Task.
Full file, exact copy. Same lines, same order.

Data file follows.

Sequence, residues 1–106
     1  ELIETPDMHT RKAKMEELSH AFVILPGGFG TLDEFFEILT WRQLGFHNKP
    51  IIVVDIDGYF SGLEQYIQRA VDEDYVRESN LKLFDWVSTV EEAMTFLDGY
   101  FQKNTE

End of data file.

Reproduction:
Sequence, residues 1–106
     1  ELIETPDMHT RKAKMEELSH AFVILPGGFG TLDEFFEILT WRQLGFHNKP
    51  IIVVDIDGYF SGLEQYIQRA VDEDYVRESN LKLFDWVSTV EEAMTFLDGY
   101  FQKNTE